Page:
On the other hand, change management is task-oriented and focuses on the successful implementation of the strategic plan, where specific tasks and activities that align with the change management initiative are designated.

3. Communication

Change leadership acknowledges the human emotion behind the change. Many employees fear change; it’s a natural reaction to uncertainty and the unknown.

That’s why change leaders employ an empathic communication style to foster trust and transparency in the leadership of the change to help others see the personal benefits. Change leaders are responsible for communicating honestly and with transparency to enable employees to embrace the change.

Meanwhile, change management uses clear and concise communication to ensure all aspects of the change management effort are fully understood. If not, the change initiative could fail.

Communication in change management requires tracking and monitoring of goals and progress. Employees should also fully understand why the change is necessary, to what end it is, and to what extent it will affect them.

Business meeting

Integrating Change Leadership and Change Management

Here are some tips to help with the transition phase and focus on maintaining momentum.

Develop an enhanced communication strategy.

A solid communication strategy can facilitate change within an organisation in an orderly and effective way. You must clearly communicate the reason for implementing change and how you plan on putting that change into effect.

It’s human nature to resist change; it entails fear of uncertainty and the unknown. But a good leadership approach and effective communication help in overcoming resistance. It enables you to address concerns as your employees raise them and also makes it easy for them to speak up about those concerns.

Proactively manage resistance.

The best way to effectively handle change and overcome resistance is to be proactive about it. Expect that there will be resistance from your employees and team when you implement change. Accepting this enables you to shift your mindset toward understanding where and why the resistance is coming from and how to manage it effectively.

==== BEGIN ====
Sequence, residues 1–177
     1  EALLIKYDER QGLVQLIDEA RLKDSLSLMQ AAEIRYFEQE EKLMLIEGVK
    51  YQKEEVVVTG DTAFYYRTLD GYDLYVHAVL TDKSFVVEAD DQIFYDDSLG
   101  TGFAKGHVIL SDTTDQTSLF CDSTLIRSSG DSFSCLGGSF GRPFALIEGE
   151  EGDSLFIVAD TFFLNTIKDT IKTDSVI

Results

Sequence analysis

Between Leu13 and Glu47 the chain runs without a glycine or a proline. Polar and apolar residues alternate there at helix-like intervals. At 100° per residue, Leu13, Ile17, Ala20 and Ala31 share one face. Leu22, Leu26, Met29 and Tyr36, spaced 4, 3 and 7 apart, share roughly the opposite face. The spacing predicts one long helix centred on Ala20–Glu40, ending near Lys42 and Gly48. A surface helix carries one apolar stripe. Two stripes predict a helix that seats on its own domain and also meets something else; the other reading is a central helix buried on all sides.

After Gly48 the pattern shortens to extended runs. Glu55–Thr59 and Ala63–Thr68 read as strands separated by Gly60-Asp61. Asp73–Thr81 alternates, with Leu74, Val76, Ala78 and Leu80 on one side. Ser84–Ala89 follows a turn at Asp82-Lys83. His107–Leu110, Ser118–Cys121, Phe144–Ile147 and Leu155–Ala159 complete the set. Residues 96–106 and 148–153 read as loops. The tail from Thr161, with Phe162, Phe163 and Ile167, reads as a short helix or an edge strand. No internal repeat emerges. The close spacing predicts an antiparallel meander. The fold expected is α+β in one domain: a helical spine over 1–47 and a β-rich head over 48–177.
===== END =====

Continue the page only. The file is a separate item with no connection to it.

Define your vision and let your team see it.

Change leadership is critical to change management because it allows your employees to see the same vision as you do.

Change leaders can influence and inspire others to see opportunities and to predict what’s next before challenges occur. It frees you up to think about how you can exploit those opportunities, instead of trying to overcome fear of change.

Leverage data to drive change.

Helping your team and employees meet the need for change requires data-driven decisions. Be prepared to present your team with data-based insights to help get them on board with your quest for transformational change.

Take full advantage of new technology to build and create a strategic narrative that would get them excited about new opportunities.

Identify metrics to measure change results.

Establish change management KPIs to monitor progress and continue to improve. Use these KPIs when analysing change management activities so you can assess effectiveness and implement training where necessary.

There are several tools you can use to measure these KPIs, such as employee surveys, risk-cost-benefit analysis, flowcharts, system usage reports, and more.

People in a meeting in an office

Final Thoughts on Change Leadership vs Change Management

Both change leadership and change management have important roles to play in implementing change initiatives within any organisation. While they have differences, they complement each other and must be integrated into any change effort to survive any external changes and to survive as an organisation despite the stiff competition.

Without one or the other, you could survive the transition process, but end up compromising some aspects of the large scale change, such as the human element. It’s a big challenge to juggle these two, but they can be worthwhile as a foundation for leading change.

ChangingPoint offers a unique change management programme using the latest thinking from behavioural science to help leaders engage, align, and inspire their people through organisational change. Learn more about our Universal Change Leadership Programme.

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Written by Jayne Ruff

Jayne Ruff, Occupational Psychologist & Managing Director at ChangingPoint. To find out more about how ChangingPoint can help you align minds to transform your business, get in touch.